So what happened in NFIB v. Sebelius?

July 8th, 2012

I finally finished reading the opinion yesterday, and was going to write a post about what I think happened. Some more breaking news from Jan Crawford on the leaks, with some important new information that strengthens what I speculated happened.

The fact that the joint-dissenters referred to RBG’s opinion as a dissent by itself was not dispositive that her opinion was once a dissent. Instead, in the places where it refers to it as a “dissent,” they are talking about her commerce clause analysis. In that sense, it is a dissent, because it only has four votes. I knew the joint-dissenters would not leave that “dissent” language in as a typo. So the fact that RBG’s opinion was actually a dissent there makes sense.

What didn’t make sense was why there was absolutely no mention of the Chief’s opinion. Initial stories suggested that the Justice’s did it out of spite or pettiness. Or to leave what I would call an “artifact” from SCOTUS nerds to piece together. I don’t know. Perhaps, but that seems thin.

This news from Crawford makes more sense:

But on this issue of federal power, Kennedy was firm. The conservatives refused to even engage with Roberts on joining his opinion to uphold the law. They set out writing their own opinion – they wrote it to look like a majority decision, according to sources, because they hoped Roberts would rejoin them to strike down the mandate. Kennedy relentlessly lobbied Roberts until the end to come back. Of course he did not, and the conservatives’ decision became a dissent.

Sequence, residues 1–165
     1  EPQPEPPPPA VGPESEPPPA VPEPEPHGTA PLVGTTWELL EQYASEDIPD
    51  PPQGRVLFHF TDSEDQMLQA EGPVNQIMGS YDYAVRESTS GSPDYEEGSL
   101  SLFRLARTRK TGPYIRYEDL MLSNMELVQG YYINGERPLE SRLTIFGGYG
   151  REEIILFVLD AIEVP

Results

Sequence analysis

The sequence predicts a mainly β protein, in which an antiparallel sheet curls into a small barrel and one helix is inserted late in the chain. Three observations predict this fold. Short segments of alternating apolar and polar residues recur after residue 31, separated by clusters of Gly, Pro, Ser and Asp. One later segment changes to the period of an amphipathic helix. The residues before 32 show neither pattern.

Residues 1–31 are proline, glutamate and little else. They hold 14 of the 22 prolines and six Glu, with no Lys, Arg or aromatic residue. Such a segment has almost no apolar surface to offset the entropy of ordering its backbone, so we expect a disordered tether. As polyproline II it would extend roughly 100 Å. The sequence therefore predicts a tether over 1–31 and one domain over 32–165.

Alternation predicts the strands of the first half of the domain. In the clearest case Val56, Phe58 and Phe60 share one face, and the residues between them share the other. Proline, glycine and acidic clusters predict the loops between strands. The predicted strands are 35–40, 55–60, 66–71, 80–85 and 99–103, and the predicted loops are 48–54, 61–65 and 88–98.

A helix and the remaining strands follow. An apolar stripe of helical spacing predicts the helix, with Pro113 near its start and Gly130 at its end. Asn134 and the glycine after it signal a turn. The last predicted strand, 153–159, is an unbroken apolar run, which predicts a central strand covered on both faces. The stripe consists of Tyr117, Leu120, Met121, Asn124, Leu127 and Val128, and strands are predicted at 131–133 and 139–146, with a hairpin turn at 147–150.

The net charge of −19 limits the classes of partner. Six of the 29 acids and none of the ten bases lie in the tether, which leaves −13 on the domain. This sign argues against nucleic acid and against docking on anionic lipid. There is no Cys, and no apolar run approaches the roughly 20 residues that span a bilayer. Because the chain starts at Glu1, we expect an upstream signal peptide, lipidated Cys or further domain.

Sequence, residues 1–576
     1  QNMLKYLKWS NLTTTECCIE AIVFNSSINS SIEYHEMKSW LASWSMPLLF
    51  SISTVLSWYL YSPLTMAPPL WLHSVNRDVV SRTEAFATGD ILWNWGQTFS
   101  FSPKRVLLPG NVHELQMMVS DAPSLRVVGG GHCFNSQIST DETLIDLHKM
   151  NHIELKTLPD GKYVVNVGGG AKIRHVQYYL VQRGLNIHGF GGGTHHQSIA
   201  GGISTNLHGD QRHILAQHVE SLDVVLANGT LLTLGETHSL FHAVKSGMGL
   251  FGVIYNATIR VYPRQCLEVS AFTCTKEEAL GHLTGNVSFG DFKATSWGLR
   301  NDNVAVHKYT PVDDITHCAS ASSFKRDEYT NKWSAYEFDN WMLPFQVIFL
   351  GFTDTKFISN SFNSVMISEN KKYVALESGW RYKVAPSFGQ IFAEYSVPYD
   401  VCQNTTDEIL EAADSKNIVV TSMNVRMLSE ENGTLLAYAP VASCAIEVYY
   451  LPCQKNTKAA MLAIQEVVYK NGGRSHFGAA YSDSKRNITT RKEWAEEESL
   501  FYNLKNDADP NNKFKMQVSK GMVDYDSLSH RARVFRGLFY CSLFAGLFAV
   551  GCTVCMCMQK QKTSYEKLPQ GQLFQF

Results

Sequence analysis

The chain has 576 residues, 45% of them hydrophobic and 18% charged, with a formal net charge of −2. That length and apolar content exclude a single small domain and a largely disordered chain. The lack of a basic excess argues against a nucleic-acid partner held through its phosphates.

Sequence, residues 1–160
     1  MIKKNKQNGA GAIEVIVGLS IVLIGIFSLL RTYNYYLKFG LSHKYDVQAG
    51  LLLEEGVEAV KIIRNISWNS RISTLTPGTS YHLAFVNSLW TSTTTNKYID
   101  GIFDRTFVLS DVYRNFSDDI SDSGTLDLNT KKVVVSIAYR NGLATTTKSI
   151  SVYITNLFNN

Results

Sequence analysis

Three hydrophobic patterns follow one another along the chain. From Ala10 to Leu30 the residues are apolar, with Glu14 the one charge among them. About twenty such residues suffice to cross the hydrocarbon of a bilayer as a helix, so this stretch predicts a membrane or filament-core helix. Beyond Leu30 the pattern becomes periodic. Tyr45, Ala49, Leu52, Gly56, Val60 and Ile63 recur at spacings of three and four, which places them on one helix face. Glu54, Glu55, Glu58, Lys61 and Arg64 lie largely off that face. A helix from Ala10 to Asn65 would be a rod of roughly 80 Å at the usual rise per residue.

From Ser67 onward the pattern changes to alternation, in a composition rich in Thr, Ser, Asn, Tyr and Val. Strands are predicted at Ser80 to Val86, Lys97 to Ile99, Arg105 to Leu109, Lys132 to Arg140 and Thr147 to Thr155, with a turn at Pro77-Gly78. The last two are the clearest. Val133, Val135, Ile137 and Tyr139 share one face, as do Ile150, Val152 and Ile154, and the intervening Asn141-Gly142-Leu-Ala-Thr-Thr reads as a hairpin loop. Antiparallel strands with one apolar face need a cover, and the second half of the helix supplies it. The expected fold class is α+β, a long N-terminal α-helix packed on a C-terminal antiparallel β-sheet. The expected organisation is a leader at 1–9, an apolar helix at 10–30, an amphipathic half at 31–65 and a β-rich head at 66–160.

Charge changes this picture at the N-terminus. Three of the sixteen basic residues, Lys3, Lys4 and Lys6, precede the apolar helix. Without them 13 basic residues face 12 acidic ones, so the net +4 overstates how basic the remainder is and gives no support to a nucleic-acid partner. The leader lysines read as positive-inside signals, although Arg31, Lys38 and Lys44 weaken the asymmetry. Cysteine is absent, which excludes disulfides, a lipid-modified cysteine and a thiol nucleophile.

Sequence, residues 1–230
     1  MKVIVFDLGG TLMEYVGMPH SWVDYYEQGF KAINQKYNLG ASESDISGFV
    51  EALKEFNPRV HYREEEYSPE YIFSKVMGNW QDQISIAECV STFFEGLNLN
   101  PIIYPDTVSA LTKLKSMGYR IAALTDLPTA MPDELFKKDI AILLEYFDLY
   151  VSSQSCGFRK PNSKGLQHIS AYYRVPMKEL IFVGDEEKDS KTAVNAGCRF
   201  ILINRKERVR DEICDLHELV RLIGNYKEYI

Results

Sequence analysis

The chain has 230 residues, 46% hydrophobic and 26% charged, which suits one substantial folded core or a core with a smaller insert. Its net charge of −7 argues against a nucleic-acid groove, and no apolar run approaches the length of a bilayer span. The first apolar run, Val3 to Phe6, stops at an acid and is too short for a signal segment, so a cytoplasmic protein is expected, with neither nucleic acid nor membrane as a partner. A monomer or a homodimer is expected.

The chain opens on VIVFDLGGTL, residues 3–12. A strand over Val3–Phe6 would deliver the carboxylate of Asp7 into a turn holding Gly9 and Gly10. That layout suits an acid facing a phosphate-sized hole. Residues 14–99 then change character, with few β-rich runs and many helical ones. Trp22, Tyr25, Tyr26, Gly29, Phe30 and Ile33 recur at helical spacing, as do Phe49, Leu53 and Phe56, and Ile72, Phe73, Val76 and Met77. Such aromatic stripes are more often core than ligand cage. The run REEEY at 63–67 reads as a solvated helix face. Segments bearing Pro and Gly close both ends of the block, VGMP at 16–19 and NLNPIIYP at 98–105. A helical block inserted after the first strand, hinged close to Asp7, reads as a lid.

Perhaps until the very end, the conservatives thought Roberts would join on board. In that case, the dissent would become a majority opinion, and whammo, 5-4 to strike down. Now, I suppose they could have drafted an alternate version of the opinion, but maybe they really thought he would defect back. RBG’s opinion, however, does respond to the Chief’s draft. So it must have been circulated fairly early on. Though, the Chief’s opinion was poorly written, and a lot of the sections lacked the Chief’s characteristic zest and pithy writing.

So, perhaps the betrayal is that the Chief suggested he would swing back but in the end did not.

Interesting stuff.